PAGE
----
The theory of quantum dots extends the application of nanoparticles similar to those used in flash memory to a much wider array of potential uses. The key to the quantum dot is its confinement to a very small volume. Confinement in two dimensions is the distinguishing feature of heterojunction semiconductors, such as gallium arsenide or indium phosphide. Layers of the elements, formed using molecular beam epitaxy, are made so thin that, when active, the devices confine electrons travelling through them to just two dimensions.

The thickness of the layer needs to be smaller than the de Broglie wavelength of the electron – a property that is inversely proportional to the particle's momentum. The quantum dot extends the confinement to all three dimensions. As the electron orbitals of individual atoms effectively confine electrons to distances shorter than the de Broglie wavelength, quantum dots act – from the perspective of electrons – like artificial atoms. And this is one reason why physicists and electronics engineers are so interested in them – quantum dots provide a further way to tune material properties to suit specific applications and, potentially, to open up a new branch of materials science beyond the standard periodic table.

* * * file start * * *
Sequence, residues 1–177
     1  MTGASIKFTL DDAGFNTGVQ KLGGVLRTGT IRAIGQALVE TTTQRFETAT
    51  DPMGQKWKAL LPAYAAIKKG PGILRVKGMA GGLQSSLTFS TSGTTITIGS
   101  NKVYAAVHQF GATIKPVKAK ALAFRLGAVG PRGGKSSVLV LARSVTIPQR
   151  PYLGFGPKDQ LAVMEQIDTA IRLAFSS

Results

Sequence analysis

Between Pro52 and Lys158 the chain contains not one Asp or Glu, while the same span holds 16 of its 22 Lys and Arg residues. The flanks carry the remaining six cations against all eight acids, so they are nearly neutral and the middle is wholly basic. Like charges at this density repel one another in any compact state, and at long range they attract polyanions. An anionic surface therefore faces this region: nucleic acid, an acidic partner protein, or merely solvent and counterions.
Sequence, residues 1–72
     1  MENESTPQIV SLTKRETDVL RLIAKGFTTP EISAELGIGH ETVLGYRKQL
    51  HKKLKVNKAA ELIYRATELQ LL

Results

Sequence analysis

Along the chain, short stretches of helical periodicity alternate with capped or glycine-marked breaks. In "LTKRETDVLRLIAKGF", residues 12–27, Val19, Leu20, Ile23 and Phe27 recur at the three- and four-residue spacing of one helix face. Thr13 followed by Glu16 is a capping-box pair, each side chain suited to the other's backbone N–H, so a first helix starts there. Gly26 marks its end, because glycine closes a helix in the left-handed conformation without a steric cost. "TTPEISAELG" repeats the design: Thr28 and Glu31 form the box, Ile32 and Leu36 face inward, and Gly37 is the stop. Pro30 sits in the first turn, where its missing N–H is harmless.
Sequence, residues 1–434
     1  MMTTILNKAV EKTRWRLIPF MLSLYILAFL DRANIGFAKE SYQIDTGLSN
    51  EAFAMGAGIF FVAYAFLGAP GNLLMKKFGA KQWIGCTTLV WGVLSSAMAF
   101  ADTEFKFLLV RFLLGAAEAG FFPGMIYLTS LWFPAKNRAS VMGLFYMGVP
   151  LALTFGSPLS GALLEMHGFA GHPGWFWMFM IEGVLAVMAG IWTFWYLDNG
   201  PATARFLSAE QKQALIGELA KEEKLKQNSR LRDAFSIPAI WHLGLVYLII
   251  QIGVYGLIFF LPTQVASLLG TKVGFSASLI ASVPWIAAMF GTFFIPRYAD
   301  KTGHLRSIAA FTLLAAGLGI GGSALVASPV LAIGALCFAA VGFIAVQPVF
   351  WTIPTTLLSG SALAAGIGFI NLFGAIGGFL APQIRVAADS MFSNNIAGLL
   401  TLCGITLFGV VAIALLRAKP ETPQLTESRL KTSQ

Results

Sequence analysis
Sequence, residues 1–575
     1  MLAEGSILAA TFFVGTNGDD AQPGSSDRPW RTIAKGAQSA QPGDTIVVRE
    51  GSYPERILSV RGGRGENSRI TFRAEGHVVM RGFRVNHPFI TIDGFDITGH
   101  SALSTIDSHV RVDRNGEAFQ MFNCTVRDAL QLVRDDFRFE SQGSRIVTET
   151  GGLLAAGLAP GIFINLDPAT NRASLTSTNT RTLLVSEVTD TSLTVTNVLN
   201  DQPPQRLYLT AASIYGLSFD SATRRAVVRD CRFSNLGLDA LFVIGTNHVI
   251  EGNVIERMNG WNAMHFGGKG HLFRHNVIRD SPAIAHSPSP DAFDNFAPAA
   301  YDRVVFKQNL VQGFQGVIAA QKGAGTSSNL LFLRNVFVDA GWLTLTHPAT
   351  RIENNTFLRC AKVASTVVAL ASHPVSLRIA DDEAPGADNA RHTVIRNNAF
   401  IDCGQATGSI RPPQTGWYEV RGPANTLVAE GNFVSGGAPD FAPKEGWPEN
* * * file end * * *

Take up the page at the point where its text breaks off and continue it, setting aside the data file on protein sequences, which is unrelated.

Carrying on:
Like electrons in isolated atoms, electrons in quantum dots can only move between defined quantum states, which leads to the main interest that electronics engineers have in them. By controlling the size of quantum dots, it is possible to adjust the band gap between valence and conduction band electron orbitals. By changing the band gap, it is possible to alter the wavelength of light emitted when an excited electron loses energy and falls back into a lower state.

One demonstration of the effect of changing size on band gap – and therefore the wavelength of emitted photons – is provided by pictures of test tubes full of brightly lit colloidal solutions of nanoparticles that mimic the colours of the rainbow. At the blue end, the average nanoparticle diameter may be about 2nm; at the red end, it is 5nm. The chemical constituents of those nanoparticles remain the same, although some companies keep the particle size more or less constant and fine tune the chemical composition instead.

Unfortunately, it is not all good news. A key property for good optical properties is the relationship between the size of the nanoparticle and the excitonic Bohr radius – a measurement that determines the effective radius of an electron in a conduction band and the hole in the valence band it leaves behind. The higher the ratio between Bohr radius and nanoparticle size, the more pronounced the confinement effects, leading ultimately to heavily split valence and conduction bands.